Try Our Apps


Avoid these words. Seriously.


[ab-duhkt] /æbˈdʌkt/
verb (used with object)
to carry off or lead away (a person) illegally and in secret or by force, especially to kidnap.
Physiology. to move or draw away from the axis of the body or limb (opposed to adduct).
Origin of abduct
1825-35; < Latin abductus, past participle of abdūcere to abduce
Related forms
unabducted, adjective Unabridged
Based on the Random House Dictionary, © Random House, Inc. 2018.
Cite This Source
Examples from the Web for abduct
Contemporary Examples
Historical Examples
  • If they could abduct in silence, they could have killed silently.

    Ambrotox and Limping Dick Oliver Fleming
  • abduct a young woman, risk prison, and then afraid to lay hands on her!

    The Pagan Madonna Harold MacGrath
  • That means that nobody gets a show to abduct 'em while you're around, I take it?

    Julia The Apostate Josephine Daskam
  • And you would not have found it necessary to abduct my daughter.

  • She was to furnish money to send the girl to school, from which I was shortly to abduct her.

    Daisy Brooks

    Laura Jean Libbey
  • Had I actually assisted the mysterious woman to abduct the child?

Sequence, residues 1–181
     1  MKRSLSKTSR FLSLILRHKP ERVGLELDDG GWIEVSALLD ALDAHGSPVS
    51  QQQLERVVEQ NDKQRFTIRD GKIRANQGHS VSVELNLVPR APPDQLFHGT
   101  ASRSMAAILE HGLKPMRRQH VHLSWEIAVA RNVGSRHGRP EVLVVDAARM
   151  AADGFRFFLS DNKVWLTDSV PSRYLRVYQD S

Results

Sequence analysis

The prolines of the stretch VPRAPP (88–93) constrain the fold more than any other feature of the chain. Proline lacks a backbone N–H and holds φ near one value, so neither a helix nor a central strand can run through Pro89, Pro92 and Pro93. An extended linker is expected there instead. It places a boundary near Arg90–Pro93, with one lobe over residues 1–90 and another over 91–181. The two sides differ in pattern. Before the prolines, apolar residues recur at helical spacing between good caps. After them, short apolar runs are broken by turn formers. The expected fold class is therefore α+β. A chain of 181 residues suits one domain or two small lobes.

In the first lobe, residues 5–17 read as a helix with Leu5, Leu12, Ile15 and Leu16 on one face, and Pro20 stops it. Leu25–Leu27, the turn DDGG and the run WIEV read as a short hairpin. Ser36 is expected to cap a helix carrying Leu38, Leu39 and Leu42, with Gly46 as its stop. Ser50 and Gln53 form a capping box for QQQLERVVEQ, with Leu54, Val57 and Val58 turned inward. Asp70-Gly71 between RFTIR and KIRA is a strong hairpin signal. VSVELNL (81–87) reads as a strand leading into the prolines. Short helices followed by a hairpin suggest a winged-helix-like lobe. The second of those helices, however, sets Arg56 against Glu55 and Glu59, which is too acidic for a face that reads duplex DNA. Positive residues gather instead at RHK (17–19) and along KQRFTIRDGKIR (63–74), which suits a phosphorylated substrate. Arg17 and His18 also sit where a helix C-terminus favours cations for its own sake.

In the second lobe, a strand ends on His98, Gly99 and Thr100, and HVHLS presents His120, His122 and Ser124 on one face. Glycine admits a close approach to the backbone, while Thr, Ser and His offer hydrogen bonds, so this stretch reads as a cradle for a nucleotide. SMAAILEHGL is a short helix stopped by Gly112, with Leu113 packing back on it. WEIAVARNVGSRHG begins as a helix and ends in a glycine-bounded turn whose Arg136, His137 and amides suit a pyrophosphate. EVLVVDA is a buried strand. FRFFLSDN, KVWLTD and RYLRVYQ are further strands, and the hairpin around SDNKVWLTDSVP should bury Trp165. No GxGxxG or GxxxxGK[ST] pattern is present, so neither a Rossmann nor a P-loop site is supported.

The Count's Chauffeur William Le Queux
  • Here's a revolver in case any one wants to abduct either of you.

    The Sixth Sense

    Stephen McKenna
British Dictionary definitions for abduct


verb (transitive)
to remove (a person) by force or cunning; kidnap
(of certain muscles) to pull (a leg, arm, etc) away from the median axis of the body Compare adduct
Derived Forms
abductor, noun
Word Origin
C19: from the past participle of Latin abdūcere to lead away
Collins English Dictionary - Complete & Unabridged 2012 Digital Edition
© William Collins Sons & Co. Ltd. 1979, 1986 © HarperCollins
Publishers 1998, 2000, 2003, 2005, 2006, 2007, 2009, 2012
Cite This Source
Word Origin and History for abduct

"to kidnap," 1834, probably a back-formation from abduction; cf. abduce. Related: Abducted; abducting.

Online Etymology Dictionary, © 2010 Douglas Harper
Cite This Source
abduct in Medicine

abduct ab·duct (āb-dŭkt')
v. ab·duct·ed, ab·duct·ing, ab·ducts
To draw away from the midline of the body or from an adjacent part or limb.

ab·duc'tion n.
The American Heritage® Stedman's Medical Dictionary
Copyright © 2002, 2001, 1995 by Houghton Mifflin Company. Published by Houghton Mifflin Company.
Cite This Source

Word of the Day

Nearby words for abduct

Word Value for abduct

Scrabble Words With Friends